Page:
Nichole Fanara / The Silhouette

The Western world has put itself into a food bubble – an impenetrable array of thoughtless eating habits that steer away from the natural world and celebrate neat little packages. How did we become this?

Every time I watch a food commercial, it’s for little chocolates in baggies that control calories, or chip companies giving you the chance to create a flavour of your choice like chicken and rice. Do you have any idea what goes into the flavour-making process? I can’t help but wonder if there is any real chicken or rice used in the chemically induced flavour making process.

There has been a persistent news story that is developing into worse versions of itself. The scandal of horsemeat being used in the place of beef has been all over Europe and the United States, found in packaged foods from little companies to well-known corporations like Ikea and Nestle. It is affecting both poor and wealthy nations alike, in supermarkets and school lunches, and as fast as these companies are trying to get to the bottom of the issue, the ignorant community of citizens (us) remain content to continue with our days.

I wonder what the food regulations in Canada are like. Do you know? Processed foods (like those contaminated with horsemeat) have different regulations than fresh foods. When Mad Cow was distributed, it was through fresh foods. The governments in both Europe and North America cracked down on food regulations for fresh food. But this one aspect is not enough to encompass all means of food production.

The level to which we are disconnected from our food is startling. In Dominican Republic, a local family showed us Westerners how they kill their chickens (yes, by hand). They know exactly where their food comes from, where it has been, what it has eaten and the sanitation (or lack thereof) necessary to produce a hearty dinner. But what do we know up in Canada? If you don’t live on a farm, you know squat. And the sad thing is that if something were to happen like Mad Cow that could seriously cause illness, we would not know until the illness spread and it was too late. There is no way for us to tell if our food is safe, real or uncontaminated. We completely put our trust in the hands of corporations. They make the rules. They decide for us.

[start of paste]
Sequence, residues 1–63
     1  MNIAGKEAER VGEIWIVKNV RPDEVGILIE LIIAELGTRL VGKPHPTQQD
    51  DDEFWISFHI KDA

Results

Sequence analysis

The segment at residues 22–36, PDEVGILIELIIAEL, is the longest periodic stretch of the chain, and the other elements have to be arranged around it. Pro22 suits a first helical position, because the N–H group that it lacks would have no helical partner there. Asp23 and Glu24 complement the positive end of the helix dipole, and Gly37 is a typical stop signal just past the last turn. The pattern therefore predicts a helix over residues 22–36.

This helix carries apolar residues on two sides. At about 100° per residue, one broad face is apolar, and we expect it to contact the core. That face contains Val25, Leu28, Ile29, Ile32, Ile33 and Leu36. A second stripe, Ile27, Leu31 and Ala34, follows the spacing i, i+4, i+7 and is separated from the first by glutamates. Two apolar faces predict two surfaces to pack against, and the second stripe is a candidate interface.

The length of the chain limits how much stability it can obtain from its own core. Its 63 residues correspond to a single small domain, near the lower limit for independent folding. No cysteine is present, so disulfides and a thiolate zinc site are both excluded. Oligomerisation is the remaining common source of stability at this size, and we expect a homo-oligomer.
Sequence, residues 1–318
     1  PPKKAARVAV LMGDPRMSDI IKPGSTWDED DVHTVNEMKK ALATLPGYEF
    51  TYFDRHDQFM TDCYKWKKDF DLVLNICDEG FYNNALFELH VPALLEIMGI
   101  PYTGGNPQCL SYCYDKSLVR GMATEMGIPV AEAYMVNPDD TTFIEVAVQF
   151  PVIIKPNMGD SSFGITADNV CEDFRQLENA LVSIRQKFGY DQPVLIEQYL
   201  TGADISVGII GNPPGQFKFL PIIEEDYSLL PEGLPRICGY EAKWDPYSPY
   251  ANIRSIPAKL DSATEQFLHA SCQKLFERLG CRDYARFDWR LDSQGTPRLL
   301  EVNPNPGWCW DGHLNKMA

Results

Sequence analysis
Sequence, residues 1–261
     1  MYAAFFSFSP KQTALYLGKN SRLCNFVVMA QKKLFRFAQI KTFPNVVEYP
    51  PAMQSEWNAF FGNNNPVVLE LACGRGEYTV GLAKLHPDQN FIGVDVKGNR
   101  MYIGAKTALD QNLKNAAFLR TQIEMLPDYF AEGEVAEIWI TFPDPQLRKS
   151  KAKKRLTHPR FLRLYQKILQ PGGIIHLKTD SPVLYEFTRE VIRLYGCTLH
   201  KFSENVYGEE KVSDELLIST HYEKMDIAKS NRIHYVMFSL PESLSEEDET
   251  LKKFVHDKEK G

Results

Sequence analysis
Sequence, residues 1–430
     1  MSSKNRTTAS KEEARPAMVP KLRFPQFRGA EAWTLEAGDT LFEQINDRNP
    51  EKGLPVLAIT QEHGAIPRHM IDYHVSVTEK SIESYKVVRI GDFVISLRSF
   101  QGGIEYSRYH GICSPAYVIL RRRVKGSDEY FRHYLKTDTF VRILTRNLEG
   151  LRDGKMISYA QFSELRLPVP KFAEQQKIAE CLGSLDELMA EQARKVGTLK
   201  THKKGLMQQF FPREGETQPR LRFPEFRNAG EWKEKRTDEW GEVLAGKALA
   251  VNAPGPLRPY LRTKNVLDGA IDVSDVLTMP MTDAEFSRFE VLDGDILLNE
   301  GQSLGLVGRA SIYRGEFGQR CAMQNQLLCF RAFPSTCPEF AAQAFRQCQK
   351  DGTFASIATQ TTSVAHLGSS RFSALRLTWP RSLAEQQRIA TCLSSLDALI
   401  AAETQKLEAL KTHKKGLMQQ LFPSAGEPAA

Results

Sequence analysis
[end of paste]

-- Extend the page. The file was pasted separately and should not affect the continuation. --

Perhaps the system of processed and “fresh” (which is still processed to some degree) foods is better than the alternative of growing and killing our own source of food. Perhaps the good old Western way helps you to sleep at night knowing you haven’t hurt a fly today. But in reality, if we cannot trust the hand that feeds us and we cannot bite it for fear of the law, then how are we to sleep at night knowing that the hurt fly is actually us? In a world obsessed with rules and control, can we survive all the mistakes made by the boss?

There is a lot of room for play in our society. We play with our food all the time. But how far is too far, and how much more disconnected can we get in our desire to control everything from nature’s gift of food to our own bodies and weight? Is it really so barbaric to grow your own food when the food we create in a factory is so mass produced we lose a sense of connection to the earth, to life and to our health?

 

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